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Philly officials recommend demolition of historic Rittenhouse Square buildings set ablaze amid unrest in May

The buildings are part of Philadelphia's most prestigious shopping street and part of a historic district.

Three Walnut Street buildings that were ransacked and burned on May 30 are now expected to be demolished.
Three Walnut Street buildings that were ransacked and burned on May 30 are now expected to be demolished.Read moreJOSE F. MORENO / Staff Photographer

Three historic, 19th-century buildings in the heart of Philadelphia’s Rittenhouse Square shopping district will have to be razed due to fire damage sustained during the mayhem that followed a Black Lives Matter protest in May, the city’s Department of Licenses and Inspections has determined.

The three structures are on the 1700 block of Walnut Street, the most prestigious shopping corridor in Philadelphia and a city historic district. Their demolition will leave a major gap in the street’s continuity at a time when Center City’s retailers are struggling to survive the pandemic’s economic impact.

“It’s akin to losing buildings on Fifth Avenue in New York or Boylston Street in Boston,” said Paul Steinke, the head of the Preservation Alliance for Greater Philadelphia.

The fate of the buildings has been uncertain since they were set ablaze by vandals on the night of May 30, following a day of somber demonstrations condemning the police killing of George Floyd in Minneapolis. The fires destroyed the interiors of 1706, 1708, and 1710 Walnut, leaving only their blackened and scorched front facades standing. Originally built as townhouses for wealthy Rittenhouse Square residents, the three were converted to shops as the area evolved into a fashionable shopping district in the early 20th century. The buildings are less than a block from the square.

L&I officials initially thought the buildings' fragile brick facades could be saved and new structures constructed behind them. But earlier this month, the department informed the Historical Commission that the trio would have to be demolished “as soon as possible for safety reasons,” commission executive director Jonathan Farnham wrote in an email Friday.

L&I made the recommendation after an inspection determined that the fire had “severely damaged the structural integrity of the properties,” the department’s spokesperson, Karen Guss, explained in an email.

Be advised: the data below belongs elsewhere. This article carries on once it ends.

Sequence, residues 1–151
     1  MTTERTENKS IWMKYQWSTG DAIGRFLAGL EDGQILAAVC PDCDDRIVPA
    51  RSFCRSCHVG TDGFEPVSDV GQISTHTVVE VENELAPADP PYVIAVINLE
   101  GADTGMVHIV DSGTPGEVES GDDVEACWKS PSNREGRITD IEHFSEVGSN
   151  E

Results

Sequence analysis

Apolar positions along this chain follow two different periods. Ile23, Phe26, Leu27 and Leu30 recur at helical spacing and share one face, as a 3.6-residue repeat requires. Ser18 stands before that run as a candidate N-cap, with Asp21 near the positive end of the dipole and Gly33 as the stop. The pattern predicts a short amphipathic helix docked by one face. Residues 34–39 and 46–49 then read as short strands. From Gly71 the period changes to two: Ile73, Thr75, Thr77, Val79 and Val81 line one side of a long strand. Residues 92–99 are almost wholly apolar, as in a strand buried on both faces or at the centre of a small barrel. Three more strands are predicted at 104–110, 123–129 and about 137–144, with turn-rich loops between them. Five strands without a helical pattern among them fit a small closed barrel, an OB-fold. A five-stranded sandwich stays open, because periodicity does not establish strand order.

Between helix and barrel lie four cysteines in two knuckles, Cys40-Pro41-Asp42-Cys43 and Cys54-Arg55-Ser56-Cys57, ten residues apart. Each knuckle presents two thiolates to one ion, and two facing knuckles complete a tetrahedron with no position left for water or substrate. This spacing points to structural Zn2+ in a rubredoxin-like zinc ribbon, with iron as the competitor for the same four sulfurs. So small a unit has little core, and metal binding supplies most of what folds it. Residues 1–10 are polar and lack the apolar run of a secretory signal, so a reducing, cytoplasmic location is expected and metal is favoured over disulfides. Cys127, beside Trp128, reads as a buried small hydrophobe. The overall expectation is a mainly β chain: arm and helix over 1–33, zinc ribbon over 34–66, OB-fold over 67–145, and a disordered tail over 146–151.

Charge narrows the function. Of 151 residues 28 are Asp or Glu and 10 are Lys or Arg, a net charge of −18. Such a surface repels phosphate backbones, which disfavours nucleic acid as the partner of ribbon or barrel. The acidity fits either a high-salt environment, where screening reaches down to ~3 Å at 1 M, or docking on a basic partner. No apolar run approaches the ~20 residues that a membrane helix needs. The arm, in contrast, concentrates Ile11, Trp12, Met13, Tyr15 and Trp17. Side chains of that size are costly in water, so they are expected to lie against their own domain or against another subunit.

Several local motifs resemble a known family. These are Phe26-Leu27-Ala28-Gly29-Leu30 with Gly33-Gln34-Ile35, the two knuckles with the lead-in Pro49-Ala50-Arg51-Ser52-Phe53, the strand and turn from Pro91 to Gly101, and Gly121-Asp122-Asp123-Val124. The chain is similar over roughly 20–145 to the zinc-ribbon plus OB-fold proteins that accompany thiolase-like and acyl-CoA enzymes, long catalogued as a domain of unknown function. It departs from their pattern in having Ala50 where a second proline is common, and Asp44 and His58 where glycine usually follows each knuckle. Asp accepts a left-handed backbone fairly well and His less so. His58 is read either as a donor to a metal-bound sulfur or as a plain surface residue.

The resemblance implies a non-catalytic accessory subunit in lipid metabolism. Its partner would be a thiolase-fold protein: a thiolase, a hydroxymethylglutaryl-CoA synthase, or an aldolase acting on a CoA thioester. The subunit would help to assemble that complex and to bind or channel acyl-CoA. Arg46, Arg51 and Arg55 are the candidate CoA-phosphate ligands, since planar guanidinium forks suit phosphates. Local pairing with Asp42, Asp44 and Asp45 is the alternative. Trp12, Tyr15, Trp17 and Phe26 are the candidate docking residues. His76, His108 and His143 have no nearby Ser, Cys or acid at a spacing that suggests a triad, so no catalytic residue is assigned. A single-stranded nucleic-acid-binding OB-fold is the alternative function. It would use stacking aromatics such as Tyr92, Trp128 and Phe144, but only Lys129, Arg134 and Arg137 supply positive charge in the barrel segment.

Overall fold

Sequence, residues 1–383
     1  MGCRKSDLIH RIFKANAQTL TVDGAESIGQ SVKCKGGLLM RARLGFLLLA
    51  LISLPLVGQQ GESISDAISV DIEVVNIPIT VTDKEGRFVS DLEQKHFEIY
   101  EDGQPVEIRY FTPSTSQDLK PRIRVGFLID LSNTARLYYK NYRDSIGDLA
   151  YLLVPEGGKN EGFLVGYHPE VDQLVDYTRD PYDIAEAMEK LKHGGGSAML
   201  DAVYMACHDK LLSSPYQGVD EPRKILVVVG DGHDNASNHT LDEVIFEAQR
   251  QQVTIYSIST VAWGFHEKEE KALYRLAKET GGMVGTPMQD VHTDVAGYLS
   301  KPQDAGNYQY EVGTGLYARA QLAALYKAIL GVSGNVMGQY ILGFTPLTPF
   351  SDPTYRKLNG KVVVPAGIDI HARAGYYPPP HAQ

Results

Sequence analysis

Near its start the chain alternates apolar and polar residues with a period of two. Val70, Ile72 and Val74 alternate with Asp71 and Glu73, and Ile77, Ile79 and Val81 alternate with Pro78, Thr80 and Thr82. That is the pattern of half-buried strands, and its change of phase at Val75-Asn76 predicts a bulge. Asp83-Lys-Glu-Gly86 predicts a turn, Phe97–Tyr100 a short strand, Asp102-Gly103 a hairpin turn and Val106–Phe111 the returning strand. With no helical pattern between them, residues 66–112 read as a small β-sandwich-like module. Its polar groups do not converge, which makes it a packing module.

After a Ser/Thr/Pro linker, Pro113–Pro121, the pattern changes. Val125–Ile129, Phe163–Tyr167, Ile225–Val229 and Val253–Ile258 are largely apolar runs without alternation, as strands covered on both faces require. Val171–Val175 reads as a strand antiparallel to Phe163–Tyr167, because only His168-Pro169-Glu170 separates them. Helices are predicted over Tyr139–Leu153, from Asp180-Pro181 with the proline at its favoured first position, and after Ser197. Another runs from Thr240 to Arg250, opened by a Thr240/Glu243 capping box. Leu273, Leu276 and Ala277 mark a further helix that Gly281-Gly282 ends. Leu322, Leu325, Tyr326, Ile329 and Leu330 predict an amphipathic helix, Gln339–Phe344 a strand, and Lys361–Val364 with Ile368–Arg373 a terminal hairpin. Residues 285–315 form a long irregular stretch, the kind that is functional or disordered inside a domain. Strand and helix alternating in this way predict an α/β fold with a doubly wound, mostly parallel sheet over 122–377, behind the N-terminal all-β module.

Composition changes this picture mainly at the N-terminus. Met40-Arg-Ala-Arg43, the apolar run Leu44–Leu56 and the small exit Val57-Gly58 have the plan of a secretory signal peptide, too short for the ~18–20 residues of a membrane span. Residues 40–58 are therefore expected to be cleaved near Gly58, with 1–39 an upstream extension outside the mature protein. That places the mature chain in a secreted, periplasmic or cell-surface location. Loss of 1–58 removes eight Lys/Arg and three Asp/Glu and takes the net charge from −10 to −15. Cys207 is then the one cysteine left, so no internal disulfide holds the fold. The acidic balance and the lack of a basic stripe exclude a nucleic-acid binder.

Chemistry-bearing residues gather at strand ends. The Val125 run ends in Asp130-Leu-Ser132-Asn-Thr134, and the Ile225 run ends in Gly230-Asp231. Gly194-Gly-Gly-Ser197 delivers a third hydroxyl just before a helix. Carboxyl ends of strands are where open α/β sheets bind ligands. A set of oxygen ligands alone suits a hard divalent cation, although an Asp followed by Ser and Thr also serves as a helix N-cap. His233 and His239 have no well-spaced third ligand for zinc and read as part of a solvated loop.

Because the buildings are part of the city’s Rittenhouse-Fitler Historic District, they cannot be demolished or reconstructed without the Historical Commission’s involvement. While Farnham said the commission has not yet received formal requests for demolition, the building owners will be required to reconstruct the buildings “to their original appearances” within a year. To ensure the accuracy of those replicas, they will have to make laser scans of the facades before starting demolition and incorporate salvaged building materials into the new construction.

The owners of the three properties — McDonald’s Corp., Pamela Ferber, and Joan and Barbara Keiser — could not be reached for comment.

None of the buildings on its own is a significant work of architecture, although 1710 Walnut was designed by Furness & Hewitt, the firm of the great Philadelphia architect Frank Furness. But together with other buildings on the 1700 block of Walnut, they make up a distinctive and elegant ensemble of storefronts that help define the look of Rittenhouse Square’s commercial area, a National Register historic district. The building at 1708 Walnut, which Furness designed in 1873 for H.W. Catherwood, features elaborate brickwork and a frieze of glazed ceramic tile.

The buildings were set on fire during a night of citywide unrest that left many neighborhood commercial corridors in shambles and resulted in the permanent closures of dozens of restaurants and stores. According to an official in the Commerce Department, 1,200 retail businesses filed police reports of damages following the May 30 disturbances. Although there is no official count of Philadelphia retailers, the department estimates that about 16,000 businesses operate in ground-floor spaces throughout the city.

Because the Black Lives Matter protests earlier on May 30 had been peaceful, Philadelphia police did not anticipate the destruction that would erupt that evening, and their presence on Walnut Street that evening was minimal.

At the time, all three Walnut Street buildings had retail tenants on the ground floor, including a McDonald’s restaurant and a Dr. Martens shoe store. Since the pandemic began in March, at least half a dozen Walnut Street shops have permanently shut their doors. Nearly all were boarded up again this week in fear of possible damage after the police killing of Walter Wallace Jr. in West Philadelphia.

Steinke said he had tried reaching out to the owners of the three Walnut Street buildings to discuss the reconstructions but has not been successful.

Not only were the buildings important elements in the historic district, he said, “they helped to make Center City a destination for jobs and economic growth.” While hopeful that they will be rebuilt, “one of my concerns, given the economic environment and the weak demand for retail space, is that it may be awhile before that happens.”